Anglicans love the back pew. I suppose an interesting social history might be written on the subject putting forward all sorts of reasons that the front pews remain empty while the back pews are always occupied. I have heard several reasons put forward over the years, the most interesting being the suggestion that occupation of the back pew dates back to the days of pew rents. The pews and boxes in the middle of the church were the “property” of those who paid for them, while benches along the walls, at the back and in the gallery were open to those who could not afford to pay the pew rent. I have no idea if this is true or not and I can’t even remember where I heard it. I once asked my English grandmother why no one ever sat in the front pew of a church. She told me that it was kept free just in case the Queen showed up. Again, I don’t know if there’s a kernel of truth in that somewhere, but as a child I certainly believed it. It does seem to be in concord with the concept that those of a certain socio-economic class and social status get the best seats in the house, while those less fortunate should be satisfied with what is left over. Fortunately, in the eschatological scheme of things, “the last shall be first.” It’s just too bad that the church has had such a hard time hearing its own Gospel. I have been in churches with side aisles pews where it was painfully obvious that a greater number of visible minorities occupied those seats.
Even if the Anglican attachment to the back pew had its origins in pew rents, I don’t think that there is anyone alive in the Canadian Church today that would remember pew rents. Thus it is unlikely that those who sit in the back pews today do so because of the historic influence of pew rents. It is more likely that those who warm the back pews of the church do so out of a desire to remain slightly anonymous, slightly at a safe distance, participating fully, but with caution. Even long-time churchgoers seem to like to sit as close to the back as possible. Perhaps it is akin to the student who sits at the very back of the classroom with collar up, sunglasses on and the peak of the ball-cap turned downward, exuding the attitude, “teach me if you dare.”
My father, who is a retired Hydro executive, once told me of some sort of industry meeting that he attended at which the late Archbishop of Toronto, Lewis Garnsworthy, was keynote speaker. Lewis Toronto is reported to have extended his index finger, gazed across the expanse of the room, and uttered in his own inimitable style, “Don’t think you people at the back intimidate me; I’m an Anglican bishop!”
Whatever the origins of the back pew phenomenon, the back pew continues to hold an allure for Anglicans. Even if we place a sign midway through the nave inviting people to sit ahead of the sign (as was the summer custom in my home church), the pleading will be ignored and at least one or two faithful will fly the Anglican flag high from the back pew.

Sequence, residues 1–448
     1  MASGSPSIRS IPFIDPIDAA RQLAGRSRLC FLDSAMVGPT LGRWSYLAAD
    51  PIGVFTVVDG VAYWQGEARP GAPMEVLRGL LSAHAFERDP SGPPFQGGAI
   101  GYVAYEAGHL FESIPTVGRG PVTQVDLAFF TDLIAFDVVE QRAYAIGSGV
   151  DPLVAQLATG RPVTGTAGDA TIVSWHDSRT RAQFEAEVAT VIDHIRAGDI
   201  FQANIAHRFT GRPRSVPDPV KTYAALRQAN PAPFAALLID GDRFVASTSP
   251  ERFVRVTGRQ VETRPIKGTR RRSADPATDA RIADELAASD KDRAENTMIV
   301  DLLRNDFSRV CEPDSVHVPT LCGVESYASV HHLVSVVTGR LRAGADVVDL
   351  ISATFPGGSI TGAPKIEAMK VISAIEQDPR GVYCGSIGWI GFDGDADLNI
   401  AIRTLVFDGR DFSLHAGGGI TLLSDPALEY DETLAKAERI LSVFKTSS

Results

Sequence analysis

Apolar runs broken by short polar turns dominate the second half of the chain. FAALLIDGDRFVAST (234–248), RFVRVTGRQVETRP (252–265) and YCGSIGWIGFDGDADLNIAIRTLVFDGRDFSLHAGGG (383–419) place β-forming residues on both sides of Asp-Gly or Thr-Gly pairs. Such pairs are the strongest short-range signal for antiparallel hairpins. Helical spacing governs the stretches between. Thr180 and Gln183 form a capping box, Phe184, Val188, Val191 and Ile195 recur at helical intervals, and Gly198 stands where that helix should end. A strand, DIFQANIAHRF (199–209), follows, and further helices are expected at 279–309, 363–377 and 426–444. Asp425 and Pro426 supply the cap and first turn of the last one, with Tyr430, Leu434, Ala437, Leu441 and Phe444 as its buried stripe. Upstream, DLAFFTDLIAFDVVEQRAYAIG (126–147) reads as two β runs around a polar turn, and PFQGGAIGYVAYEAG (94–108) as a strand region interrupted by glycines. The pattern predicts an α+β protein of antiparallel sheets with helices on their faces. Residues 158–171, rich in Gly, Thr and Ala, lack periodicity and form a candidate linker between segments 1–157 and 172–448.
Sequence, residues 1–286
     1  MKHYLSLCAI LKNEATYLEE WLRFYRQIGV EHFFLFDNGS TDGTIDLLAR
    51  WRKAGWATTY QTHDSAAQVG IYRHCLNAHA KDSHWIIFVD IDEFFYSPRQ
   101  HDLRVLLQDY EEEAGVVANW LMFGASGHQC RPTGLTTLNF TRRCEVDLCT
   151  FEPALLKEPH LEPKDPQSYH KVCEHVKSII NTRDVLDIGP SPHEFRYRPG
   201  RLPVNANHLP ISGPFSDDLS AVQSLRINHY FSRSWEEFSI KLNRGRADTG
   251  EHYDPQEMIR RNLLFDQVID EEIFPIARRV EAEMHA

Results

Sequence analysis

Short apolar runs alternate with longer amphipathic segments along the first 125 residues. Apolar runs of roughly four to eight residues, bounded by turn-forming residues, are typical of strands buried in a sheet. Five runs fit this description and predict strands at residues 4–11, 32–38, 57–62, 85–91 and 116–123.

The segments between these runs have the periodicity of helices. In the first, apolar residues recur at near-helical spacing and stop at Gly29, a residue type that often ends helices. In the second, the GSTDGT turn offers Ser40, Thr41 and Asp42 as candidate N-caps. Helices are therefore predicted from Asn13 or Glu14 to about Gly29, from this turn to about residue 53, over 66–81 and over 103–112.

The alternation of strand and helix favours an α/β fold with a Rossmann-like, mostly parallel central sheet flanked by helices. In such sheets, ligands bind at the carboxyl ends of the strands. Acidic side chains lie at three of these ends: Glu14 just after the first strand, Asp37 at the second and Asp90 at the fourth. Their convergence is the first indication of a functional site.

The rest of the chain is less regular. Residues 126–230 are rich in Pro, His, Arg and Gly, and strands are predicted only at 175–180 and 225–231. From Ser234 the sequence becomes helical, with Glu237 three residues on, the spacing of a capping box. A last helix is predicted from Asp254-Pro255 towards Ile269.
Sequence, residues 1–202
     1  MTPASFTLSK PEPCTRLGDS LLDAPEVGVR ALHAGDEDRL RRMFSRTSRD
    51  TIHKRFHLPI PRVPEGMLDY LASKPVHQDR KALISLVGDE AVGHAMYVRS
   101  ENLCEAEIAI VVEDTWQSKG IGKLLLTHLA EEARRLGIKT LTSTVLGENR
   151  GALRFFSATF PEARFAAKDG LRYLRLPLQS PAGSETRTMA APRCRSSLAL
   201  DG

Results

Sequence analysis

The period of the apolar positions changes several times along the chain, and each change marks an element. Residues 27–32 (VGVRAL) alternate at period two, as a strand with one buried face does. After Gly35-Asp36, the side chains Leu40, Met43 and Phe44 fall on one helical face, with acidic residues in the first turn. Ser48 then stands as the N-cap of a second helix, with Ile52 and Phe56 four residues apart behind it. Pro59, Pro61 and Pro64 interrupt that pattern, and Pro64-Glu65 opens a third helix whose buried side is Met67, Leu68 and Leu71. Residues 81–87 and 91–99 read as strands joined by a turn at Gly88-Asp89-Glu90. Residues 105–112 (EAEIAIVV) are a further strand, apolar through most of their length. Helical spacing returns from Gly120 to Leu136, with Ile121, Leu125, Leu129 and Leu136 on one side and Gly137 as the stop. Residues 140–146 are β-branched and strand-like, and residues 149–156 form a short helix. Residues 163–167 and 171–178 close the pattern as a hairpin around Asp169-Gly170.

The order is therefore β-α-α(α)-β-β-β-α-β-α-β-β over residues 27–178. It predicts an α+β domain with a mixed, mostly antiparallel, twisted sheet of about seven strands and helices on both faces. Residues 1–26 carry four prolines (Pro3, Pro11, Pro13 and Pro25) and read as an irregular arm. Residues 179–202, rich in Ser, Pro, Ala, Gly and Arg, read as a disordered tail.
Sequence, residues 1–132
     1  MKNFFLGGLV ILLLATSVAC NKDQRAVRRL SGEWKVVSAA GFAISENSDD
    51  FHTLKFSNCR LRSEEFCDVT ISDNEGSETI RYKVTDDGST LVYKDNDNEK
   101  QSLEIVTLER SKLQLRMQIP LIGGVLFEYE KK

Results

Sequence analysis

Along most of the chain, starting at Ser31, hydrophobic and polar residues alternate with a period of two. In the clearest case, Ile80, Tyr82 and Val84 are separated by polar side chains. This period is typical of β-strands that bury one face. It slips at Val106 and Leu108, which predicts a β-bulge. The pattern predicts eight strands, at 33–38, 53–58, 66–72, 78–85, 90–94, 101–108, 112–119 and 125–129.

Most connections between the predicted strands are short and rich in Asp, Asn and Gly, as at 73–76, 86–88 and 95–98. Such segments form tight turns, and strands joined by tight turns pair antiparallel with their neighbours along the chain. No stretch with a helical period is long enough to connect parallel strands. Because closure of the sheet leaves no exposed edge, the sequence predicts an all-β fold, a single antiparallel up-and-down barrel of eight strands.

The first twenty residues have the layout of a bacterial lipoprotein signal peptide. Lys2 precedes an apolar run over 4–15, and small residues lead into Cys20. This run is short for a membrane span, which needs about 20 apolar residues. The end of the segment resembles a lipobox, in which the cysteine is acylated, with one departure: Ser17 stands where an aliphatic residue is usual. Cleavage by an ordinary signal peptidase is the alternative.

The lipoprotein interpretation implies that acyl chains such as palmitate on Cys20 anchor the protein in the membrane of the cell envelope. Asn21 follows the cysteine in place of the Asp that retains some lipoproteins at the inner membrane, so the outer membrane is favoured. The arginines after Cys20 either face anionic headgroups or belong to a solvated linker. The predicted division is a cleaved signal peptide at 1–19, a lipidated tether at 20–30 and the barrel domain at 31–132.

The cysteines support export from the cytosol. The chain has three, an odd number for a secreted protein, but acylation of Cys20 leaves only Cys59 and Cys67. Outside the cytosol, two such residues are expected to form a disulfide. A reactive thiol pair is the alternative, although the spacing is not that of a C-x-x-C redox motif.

At a recent clergy event in the Diocese of Toronto (at a church that shall remain anonymous to protect the guilty), along with my good friend Fr. Jason Prisley, I was looking for a place to sit. We jokingly said that we should try out the back pew and see what all the fuss was about. We headed to the back of the modern nave and Fr. Jason began to laugh, “Dan,” he exclaimed, “you have to get a picture of this! This is the classic Anglican back pew!” He was right. A quick glance revealed the startling find that although the building was only about ten years old, the back pew was well worn! The contrast with the pristine penultimate pew is quite amusing (see accompanying photo).
Lest we be too hard on those who keep the back pew warm, let us remember that they are not the only ones guilty of claiming a particular ownership over their ecclesiastical seating. Those in the chancel have their special places: the bishop’s throne, the rector’s stall, the choir pews. Is it any wonder that the laity wish to stake their claim? In one parish in which I was a student, I was told of an elderly man who had carved his initials into a certain pew as a boy and he sat in that same pew all his days. A clergy spouse I knew always sat next to a pillar no matter which church she was in. One could ponder the psychology of that piece of seating strategy for some time. We are all familiar with the stories of those who have been told, “You’re sitting in my pew.” Perhaps some readers will have been accused of this when visiting another church. I know of a bishop’s spouse who had this happen in a church in this diocese. Ouch.
So, to be fair, not all Anglicans have a need to sit at the back. There are some (few) who do enjoy sitting up front, and as a preacher, I do appreciate the opportunity to make visual contact with people in the congregation without the aid of opera glasses. It seems, though, that we do like to carve out our particular favourite spots in Church. We all have niches in ministry, and perhaps the little niches we carve out in the nave (and chancel) in some way reflect that. Maybe, when we get too concerned about where people are sitting in the church, we should for a moment consider the alternative: the empty pew. Perhaps we should simply be grateful that God’s Holy Spirit has drawn folk into the Church at all, no matter where they choose to sit.
c. 2011, the Rev. Daniel F. Graves